The proportion of consumers who are very worried are less likely to step out for what they consider less critical. Therefore, we need to assess anxiety quotient for the target audience and track the proportion of very worried, somewhat worried and not worried. The impact of anxiety on consumer behaviour, however, is not a standalone variable but interacts with category criticality. The behaviour with respect to a category considered critical may not get affected despite extreme anxiety and on the other hand behaviour with respect to a category considered non-critical would get severely affected at a moderate anxiety level. 

b) Category Disposition Index

Category disposition index is a mean of 2 distinct uncorrelated aspects :

Criticality Index – how essential does one consider a specific category to be. This simply means that categories considered more essential are less affected by consumer anxiety.

Risk assessment with product/service. This captures the associated risk with the product or service. For instance, going to a movie hall has high-risk perception while going to the golf course has a much lower risk.

These two aspects are uncorrelated and have a simple additive relationship, therefore for a category Disposition index is assessed as a mean of the two measures.

An anxious consumer is likely to avoid air travel for pleasure while having no second thoughts about buying regular groceries. Therefore, it is of utmost importance to build co-interactions of consumer anxiety and category disposition into Demand Sensing models. 

c) Brand Affinity Index

In the times of COVID, consumer’s relationship with brands may have taken a shift. This could be assumed to be of no importance if we are sure that there has been no reason for consumer-brand relationship shift and, in those cases, the index is assumed to be 1.

However, some brands could see a significant shift on this for reasons like a patriotic fervour to support domestic corporations or avoidance of certain corporations due to their origins or may have repositioned themselves because of their contribution to consumer, society, country,  or humanity in these troubled times.  In such instances, the relationship index could range from 0 to 2 where 1 stands for the status quo. This is then built into the demand estimates for the brand in the post COVID scenario

How to measure Sentiment Analytics

The consumer anxiety index, as well as category disposition index, can be measured on a continuous basis through an online survey. The survey could be instituted for specific categories and data collected by using online channels or through SMS based campaigns on clients’ existing databases.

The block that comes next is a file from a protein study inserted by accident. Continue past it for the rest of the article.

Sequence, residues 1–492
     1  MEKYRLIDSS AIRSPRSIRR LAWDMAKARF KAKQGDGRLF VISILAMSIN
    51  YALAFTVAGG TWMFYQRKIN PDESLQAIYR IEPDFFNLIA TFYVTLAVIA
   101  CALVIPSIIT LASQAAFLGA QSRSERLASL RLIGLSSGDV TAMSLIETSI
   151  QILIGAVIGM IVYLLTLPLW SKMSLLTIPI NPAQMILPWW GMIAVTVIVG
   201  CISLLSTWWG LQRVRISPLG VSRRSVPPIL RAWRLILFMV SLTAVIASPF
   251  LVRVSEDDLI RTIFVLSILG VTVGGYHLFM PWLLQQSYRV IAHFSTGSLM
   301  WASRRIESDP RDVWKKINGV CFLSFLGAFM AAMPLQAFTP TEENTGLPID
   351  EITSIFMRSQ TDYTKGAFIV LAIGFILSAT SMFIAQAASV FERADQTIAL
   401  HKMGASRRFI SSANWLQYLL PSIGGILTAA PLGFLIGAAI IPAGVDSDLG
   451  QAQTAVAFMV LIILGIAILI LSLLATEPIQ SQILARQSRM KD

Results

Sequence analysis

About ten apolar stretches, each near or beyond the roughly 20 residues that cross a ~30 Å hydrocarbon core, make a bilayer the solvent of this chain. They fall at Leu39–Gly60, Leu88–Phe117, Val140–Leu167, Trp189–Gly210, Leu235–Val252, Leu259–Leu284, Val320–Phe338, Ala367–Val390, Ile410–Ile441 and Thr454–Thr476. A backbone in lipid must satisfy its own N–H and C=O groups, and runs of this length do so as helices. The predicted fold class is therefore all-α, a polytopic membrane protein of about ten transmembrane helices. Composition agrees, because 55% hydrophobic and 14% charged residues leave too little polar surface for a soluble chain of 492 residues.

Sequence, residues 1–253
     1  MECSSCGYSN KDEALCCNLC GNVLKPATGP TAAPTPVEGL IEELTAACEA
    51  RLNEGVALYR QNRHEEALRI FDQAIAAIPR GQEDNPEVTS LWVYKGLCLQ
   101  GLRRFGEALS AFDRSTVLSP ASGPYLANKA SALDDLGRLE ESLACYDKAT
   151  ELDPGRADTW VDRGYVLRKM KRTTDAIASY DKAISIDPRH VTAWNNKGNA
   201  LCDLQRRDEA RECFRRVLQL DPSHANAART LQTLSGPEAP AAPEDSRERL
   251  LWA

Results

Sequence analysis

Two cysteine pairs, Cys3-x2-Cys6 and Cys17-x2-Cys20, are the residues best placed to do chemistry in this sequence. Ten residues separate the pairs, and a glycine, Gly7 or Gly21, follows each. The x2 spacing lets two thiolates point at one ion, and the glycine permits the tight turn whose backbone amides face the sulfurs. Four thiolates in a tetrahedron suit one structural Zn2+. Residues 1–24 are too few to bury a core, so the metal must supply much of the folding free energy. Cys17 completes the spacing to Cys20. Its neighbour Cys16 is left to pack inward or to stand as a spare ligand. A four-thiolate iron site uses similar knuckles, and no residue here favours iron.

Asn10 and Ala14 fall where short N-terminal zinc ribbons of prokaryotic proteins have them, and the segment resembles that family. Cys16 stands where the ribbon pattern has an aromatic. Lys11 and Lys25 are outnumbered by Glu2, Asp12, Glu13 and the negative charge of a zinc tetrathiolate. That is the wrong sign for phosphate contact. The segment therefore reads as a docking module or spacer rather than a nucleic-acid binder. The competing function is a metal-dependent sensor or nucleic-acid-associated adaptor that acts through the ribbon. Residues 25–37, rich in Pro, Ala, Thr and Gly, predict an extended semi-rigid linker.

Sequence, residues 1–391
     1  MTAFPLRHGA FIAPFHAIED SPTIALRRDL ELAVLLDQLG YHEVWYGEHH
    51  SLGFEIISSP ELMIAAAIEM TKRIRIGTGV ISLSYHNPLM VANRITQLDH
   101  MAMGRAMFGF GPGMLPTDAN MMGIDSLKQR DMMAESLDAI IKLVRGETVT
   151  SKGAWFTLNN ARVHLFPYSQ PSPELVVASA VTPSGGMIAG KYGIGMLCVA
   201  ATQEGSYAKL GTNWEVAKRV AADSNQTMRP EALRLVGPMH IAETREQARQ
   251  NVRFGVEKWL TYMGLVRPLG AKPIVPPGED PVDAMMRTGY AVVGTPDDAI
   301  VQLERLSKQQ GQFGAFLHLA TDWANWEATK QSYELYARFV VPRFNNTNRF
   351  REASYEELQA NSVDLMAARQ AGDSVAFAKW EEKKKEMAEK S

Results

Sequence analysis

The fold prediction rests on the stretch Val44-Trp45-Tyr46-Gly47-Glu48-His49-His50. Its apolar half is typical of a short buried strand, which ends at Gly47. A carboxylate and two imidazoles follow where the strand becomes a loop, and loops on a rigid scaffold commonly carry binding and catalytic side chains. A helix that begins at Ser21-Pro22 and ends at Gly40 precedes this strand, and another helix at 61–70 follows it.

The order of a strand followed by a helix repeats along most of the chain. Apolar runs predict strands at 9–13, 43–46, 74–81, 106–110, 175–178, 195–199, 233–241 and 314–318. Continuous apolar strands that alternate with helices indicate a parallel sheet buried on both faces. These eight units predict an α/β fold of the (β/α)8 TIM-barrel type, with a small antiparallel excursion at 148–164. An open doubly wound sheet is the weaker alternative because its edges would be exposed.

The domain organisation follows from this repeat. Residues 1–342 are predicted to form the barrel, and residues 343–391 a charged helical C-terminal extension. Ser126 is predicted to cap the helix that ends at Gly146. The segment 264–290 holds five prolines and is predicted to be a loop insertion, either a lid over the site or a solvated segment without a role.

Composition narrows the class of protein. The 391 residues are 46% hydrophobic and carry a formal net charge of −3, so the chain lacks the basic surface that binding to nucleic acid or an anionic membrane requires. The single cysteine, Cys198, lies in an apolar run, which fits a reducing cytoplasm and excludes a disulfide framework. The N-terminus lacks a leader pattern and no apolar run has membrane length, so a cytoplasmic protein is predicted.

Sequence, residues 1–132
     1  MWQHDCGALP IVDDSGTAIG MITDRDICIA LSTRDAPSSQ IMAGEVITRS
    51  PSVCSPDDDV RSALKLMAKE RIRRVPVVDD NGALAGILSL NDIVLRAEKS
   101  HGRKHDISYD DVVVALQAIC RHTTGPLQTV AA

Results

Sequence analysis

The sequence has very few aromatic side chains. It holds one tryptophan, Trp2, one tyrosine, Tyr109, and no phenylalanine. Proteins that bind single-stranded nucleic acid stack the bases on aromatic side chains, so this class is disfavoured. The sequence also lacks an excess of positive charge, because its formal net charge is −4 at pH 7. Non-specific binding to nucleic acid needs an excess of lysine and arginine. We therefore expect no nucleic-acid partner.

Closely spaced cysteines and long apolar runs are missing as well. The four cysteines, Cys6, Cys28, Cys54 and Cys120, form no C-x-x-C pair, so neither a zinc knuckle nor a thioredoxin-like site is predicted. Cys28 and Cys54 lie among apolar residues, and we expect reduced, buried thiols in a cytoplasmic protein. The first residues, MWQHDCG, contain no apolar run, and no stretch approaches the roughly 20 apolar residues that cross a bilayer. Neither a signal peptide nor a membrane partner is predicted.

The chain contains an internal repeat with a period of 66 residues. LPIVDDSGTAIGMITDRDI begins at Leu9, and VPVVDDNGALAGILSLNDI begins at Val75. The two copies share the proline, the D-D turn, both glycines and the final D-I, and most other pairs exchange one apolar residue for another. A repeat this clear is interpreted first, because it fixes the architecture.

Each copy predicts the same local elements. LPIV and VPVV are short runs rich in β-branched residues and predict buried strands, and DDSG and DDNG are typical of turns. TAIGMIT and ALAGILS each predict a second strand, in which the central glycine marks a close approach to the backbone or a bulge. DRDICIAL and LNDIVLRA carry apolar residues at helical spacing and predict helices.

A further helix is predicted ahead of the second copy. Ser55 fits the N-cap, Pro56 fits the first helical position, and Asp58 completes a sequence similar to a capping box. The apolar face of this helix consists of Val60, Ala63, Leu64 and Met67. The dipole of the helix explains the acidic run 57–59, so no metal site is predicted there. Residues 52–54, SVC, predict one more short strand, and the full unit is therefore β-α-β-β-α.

Revisiting the problem case of travel retail client in post COVID scenario

We have mentioned above the case of a company operating in travel retail space. The overall sales dropped sharply when COVID crisis hit and in a matter of days came to zero and stayed at zero for a few weeks. We need to use Demand Sensing modelling to assess its total likely demand when the market place opens. This has been assessed below using the revised Demand Sensing Model for 7 days after the market place reopens.

INPUTS TO THE MODEL

Estimated customer inflow – e.g. 60% of usual capacity. Data can be collected from the number of operating flights

Consumer Anxiety – e.g. 55%. Data can be collected from the online survey with a relevant geographic reach

Category Disposition Index  – e.g. 30%. Data can be collected from the online survey with a relevant geographic reach

Brand Affinity Index – e.g. 1.  Qualitatively assessed. Unless there is a strong reason, this would be 1

Base values – taken from projections done on historical data from pre-COVID times for this time period 

Demand estimate outcomes from the model are continuously assessed against the actual sales values which emerge over time. The model will use machine learning algorithms to continuously evolve and enhance the accuracy of daily projections. 

Conclusions

This model is an example of advanced tools which can be used for improving the demand forecasting estimates. These can be used for all types of retail stores, spanning across products and services, travel and tourism, and FMCG products. The model would initially be used for short term projection into near-future time spans. However, once we have established clear trends of consumer sentiments over time, it will also be used for long term projections also. It would immensely help businesses to improve their forecasting and conserving working capital by saving inventory investment in an uncertain business environment.

Disclaimer: The views expressed in the article above are those of the authors' and do not necessarily represent or reflect the views of this publishing house. Unless otherwise noted, the author is writing in his/her personal capacity. They are not intended and should not be thought to represent official ideas, attitudes, or policies of any agency or institution.


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Shubhra Misra

The author is the Head of Research at Voiceback Analytics- a Bengaluru based Data Analytics startup. She has worked as a data scientist for the last 25 years. She is an expert in the field of market research and structured & unstructured data analytics. She has worked with corporates like Biocon, Pfizer, Eveready, Mylan, Abbott, etc. on multiple projects using primary, secondary research, and advanced big data analytics. Shubhra Misra is an MBA from IIM Lucknow, India.

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Rishi Sanwal

The author is Visiting Faculty at ISB Hyderabad & IIM Kashipur. He has been a management consultant in Supply Chain & Operations area since 2001. He has worked at Accenture and IBM Business Consulting, advising large multinational and Indian firms like PepsiCo, Unilever, Heinz, Maruti, Bajaj Auto, L&T, and many others in improving their supply chain performances. His areas of interest are Forecasting, Optimization, Supply Chain Analytics, and Project Management. He is a graduate from IIT Bombay, India & MBA from IIM Ahmedabad, India